The program had opened with Haydn’s Symphony No. 49, La passione, an expression from the composer’s Sturm und Drangyears, during which he wrote several works containing stormy emotional content. In concept it made a worthy pairing with Rouse’s passionate piece. Stern led with conviction, and the string sound had a pressing earnestness. But there was often a sense of rote, a lack of shaping and rigidity of pulse that made this white-hot piece feel oddly mechanical.

The program’s second half was devoted entirely to Brahms’ nearly hour-long Second Piano Concerto. Bronfman played with the signature sureness of touch, technique and rhythmic drive for which he is famous. Nevertheless the one word that kept coming to mind was “reliable.” To be sure, one wants reliability in a pianist for Brahms’ Second, but one wants more. Bronfman showed in some of the softer passages that he was capable of a sweet transparency and delicacy, but in general there was a sort of a routine quality to the playing, which often seemed distant and detached from the concerto’s fiery core. The orchestra performed with gusto, however, and principal cellist Mark Gibbs played his famous slow-movement solos with plaintive warmth.

The Symphony’s performance is repeated on September 26 and 27. For tickets call 816-471-0400 (on weekdays and Saturday mornings), or for 24-hour ticketing go to kcsymphony.org.

To reach Paul Horsley, performing arts editor, write email to phorsley@sbcglobal.net.


Paul Horsley, Performing Arts Editor 

Paul studied piano and musicology at WSU and Cornell University. He also earned a degree in journalism, because writing about the arts in order to inspire others to partake in them was always his first love. After earning a PhD from Cornell, he became Program Annotator for the Philadelphia Orchestra, where he learned firsthand the challenges that non profits face. He moved to KC to join the then-thriving Arts Desk at The Kansas City Star, but in 2008 he happily accepted a post at The Independent. Paul contributes to national publications, including Dance Magazine, Symphony, Musical America, and The New York Times, and has conducted scholarly research in Germany, Austria and the Czech Republic (the latter on a Fulbright Fellowship). He also taught musicology at Cornell, LSU and Park University.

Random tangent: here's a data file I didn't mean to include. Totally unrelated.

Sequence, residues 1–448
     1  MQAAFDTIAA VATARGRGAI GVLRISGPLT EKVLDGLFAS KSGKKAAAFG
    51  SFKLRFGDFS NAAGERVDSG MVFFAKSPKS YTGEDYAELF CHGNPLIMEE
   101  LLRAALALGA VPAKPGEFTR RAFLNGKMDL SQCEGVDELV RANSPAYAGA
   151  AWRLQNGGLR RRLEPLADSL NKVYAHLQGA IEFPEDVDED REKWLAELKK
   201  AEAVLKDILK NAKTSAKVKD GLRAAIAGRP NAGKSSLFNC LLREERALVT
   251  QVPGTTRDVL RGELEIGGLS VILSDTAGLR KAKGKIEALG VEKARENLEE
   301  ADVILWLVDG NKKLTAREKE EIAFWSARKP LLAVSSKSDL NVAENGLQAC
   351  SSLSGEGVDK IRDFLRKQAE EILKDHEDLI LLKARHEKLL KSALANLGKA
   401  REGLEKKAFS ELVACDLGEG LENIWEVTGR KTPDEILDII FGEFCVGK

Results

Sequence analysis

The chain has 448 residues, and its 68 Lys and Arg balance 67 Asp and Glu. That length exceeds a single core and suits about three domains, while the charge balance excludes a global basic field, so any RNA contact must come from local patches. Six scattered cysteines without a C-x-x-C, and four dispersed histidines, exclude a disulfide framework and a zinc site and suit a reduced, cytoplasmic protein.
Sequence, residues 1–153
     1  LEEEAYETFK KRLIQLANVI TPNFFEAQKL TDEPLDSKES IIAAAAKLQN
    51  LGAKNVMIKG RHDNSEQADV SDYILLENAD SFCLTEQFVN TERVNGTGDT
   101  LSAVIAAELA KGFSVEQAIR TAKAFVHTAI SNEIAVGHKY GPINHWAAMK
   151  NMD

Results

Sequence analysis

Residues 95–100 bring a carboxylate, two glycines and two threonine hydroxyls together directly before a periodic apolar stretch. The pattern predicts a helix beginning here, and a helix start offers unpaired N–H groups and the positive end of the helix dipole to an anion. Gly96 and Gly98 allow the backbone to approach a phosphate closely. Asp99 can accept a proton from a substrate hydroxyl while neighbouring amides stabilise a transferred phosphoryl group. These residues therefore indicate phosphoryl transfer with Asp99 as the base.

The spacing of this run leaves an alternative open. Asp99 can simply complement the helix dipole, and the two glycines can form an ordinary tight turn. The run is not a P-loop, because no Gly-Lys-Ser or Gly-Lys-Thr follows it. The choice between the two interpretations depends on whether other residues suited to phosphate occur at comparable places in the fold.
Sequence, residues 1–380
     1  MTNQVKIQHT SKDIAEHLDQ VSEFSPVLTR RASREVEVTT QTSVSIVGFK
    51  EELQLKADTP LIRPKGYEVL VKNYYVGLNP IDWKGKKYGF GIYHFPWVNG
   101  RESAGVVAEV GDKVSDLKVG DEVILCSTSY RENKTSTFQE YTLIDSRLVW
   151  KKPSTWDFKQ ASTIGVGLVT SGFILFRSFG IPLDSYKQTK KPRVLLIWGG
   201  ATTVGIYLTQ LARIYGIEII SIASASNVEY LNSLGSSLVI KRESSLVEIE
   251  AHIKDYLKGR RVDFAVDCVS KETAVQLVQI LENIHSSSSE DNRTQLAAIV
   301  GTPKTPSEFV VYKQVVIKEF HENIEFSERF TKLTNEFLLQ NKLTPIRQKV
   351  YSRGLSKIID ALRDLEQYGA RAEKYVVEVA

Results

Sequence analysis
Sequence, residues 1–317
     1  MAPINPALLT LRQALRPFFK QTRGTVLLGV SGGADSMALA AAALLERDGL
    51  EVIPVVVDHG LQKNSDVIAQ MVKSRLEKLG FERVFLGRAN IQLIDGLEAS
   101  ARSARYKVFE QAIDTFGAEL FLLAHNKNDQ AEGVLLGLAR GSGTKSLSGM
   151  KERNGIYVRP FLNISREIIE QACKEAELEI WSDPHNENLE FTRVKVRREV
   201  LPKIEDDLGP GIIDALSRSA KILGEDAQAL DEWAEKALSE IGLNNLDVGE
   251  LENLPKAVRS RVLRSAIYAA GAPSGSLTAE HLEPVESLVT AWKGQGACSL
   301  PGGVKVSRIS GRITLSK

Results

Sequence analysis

MIRACLE ON THE MUDDY: Kansas City surprises nation with bold new venture

Suddenly, classical radio is back. Almost exactly 20 years after its disappearance from the FM dial, the music that Kansas City is becoming known for worldwide has made its way…

MAKING LEMONADE WITHOUT LEMONS: Despite challenges, arts groups have plenty to offer this fall

Artists have always delighted in playing notes that are not in the scale, or painting outside the lines, or staging plays is odd places. After a few weeks of hand-wringing,…

SING, DANCE, REJOICE: Choir with ambitious goals celebrates 25 years of success

Choirs always seem to bring joy into a room. And if the singers are feeling it, chances are it will spread to the listeners. “You dispel any myths or any…

CANE MUTINY: Symphony principal shows the saner side of being an oboist

When oboist Kristina Fulton spends hundreds of hours carving Mediterranean cane into paper-thin strips of reed, she has a single purpose in mind: to produce the most gorgeous sound possible.…